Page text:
I didn't hate it but it doesn't have nearly the power of the original.

This is how I feel, too. I enjoyed some of it, but the whole Daisy/Nicole being smuggled in and out, was just too much for me. A hopeful note is good, as is the fact that they both got out, and were reunited with their mother - but I can't picture someone like Lydia, suggesting that this "prize" girl be endangered in that way. They could have shot or hung her, and claimed that Nicole was still out there, that Mayday were lying if they claimed that she was the baby they'd been looking for. Also, her name is Holly, isn't it? 

I like that both girls were kind of rebellious in their own ways, and that we got a look into their version of the underground railroad, but there was no mystery over whether or not they would make it safely. 

I wonder if the show will let June leave Gilead, now that it's been written in this book. I suppose I should move anything else to the speculation thread.

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I finally managed the time to read it on the christmas holidays. I read it in two days.I was a bit disappointed, to be honest. I was expecting excellent writing with the booker price and all, and the first few chapters felt better, but then the writing got sloppier, repetitious and I haven't seen anyone else say this, but the character building felt poor as far as Nicole was concerned. She felt like she was a poorly built shallow character out of a b-grade action movie. What teenager reacts like that to her parents dying, having to abandon her friends, home, life and all with practically no questions and very little emotions. Fuck, she talked more about her "puppy"crush than her parents dying and leaving her life behind. she didn't even demand to get her stuff, any memories from home, say goodbyes or anything. Made absolutely no sense at all. Sure it would have been unsafe but that is just not how people work, when their life is interrupted. Then she is happily practicing self defence and barely objects being sent into Gilead?! When she has shown no sign of being interested in saving people up to then. It made no sense. It also made no sense that once in Gilead instead of being terrified by what she saw and keeping quiet she behaved like a bratty teen. Stupid choice, and made me hate her chracter. I felt like Atwood was trying too hard to make a teenager, when she herself is too old to relate. It was poor, absolutely poor.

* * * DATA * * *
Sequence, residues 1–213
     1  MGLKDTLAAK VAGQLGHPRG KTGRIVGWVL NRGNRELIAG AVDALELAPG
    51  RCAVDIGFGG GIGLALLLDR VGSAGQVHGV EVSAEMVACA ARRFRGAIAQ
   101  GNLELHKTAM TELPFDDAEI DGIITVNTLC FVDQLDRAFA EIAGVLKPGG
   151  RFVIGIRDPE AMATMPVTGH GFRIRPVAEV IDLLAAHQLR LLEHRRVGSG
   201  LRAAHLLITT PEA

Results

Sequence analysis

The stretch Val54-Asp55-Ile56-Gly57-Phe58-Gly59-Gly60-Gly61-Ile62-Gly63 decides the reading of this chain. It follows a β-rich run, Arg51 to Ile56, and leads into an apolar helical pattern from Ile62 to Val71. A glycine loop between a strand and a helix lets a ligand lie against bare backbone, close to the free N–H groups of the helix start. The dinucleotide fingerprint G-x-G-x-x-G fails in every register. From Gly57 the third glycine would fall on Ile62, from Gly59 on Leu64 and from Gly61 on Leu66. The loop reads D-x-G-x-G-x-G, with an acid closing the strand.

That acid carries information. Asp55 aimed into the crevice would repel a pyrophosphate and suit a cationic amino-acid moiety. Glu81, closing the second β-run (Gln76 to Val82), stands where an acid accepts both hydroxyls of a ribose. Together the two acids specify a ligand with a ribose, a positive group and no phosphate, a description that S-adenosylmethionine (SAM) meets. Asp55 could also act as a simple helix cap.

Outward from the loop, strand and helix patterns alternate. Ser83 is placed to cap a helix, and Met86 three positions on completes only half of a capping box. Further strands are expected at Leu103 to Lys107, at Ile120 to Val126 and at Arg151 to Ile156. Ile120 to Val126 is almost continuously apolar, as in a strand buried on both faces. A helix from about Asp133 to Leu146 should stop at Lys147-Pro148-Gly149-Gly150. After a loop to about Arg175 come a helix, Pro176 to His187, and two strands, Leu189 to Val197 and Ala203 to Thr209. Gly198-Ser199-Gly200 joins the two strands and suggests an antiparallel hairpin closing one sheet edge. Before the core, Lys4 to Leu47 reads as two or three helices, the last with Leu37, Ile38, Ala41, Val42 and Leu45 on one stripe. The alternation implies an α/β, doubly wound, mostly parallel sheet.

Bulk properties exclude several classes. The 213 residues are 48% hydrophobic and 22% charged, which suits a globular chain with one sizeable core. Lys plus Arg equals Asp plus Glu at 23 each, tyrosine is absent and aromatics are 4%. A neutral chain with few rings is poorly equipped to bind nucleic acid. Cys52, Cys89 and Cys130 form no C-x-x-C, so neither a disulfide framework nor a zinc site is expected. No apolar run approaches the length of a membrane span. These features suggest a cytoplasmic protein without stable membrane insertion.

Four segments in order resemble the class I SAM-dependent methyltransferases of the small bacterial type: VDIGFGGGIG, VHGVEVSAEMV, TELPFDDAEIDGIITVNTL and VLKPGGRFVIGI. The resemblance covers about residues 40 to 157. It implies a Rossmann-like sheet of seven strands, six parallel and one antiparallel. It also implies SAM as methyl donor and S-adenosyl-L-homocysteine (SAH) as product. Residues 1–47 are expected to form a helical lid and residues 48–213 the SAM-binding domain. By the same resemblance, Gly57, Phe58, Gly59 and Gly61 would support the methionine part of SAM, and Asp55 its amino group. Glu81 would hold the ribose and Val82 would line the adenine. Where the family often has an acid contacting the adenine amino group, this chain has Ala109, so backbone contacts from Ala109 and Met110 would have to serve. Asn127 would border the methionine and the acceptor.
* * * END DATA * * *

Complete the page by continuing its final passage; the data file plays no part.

I also had a hard time buying the aunt Lydia story. in THT she is much more sinister, but her it sounds as if she had made the choice tomake Gilead pay back from the beginning. Also, she says "we all believed this was good in the beginning" which doesn't make sense as she was practically forced into it. And how did all those women go from independent normal working women who loved the law to turturers who enjoyed torturing women? It wasn't explained enough. If anything, they would have been trying to save as many as possible since the beginning. A few days in solitary confinement just doesn't do it. And why where the 4 of them picked, when there were others before Lydia who had chosen to become aunts?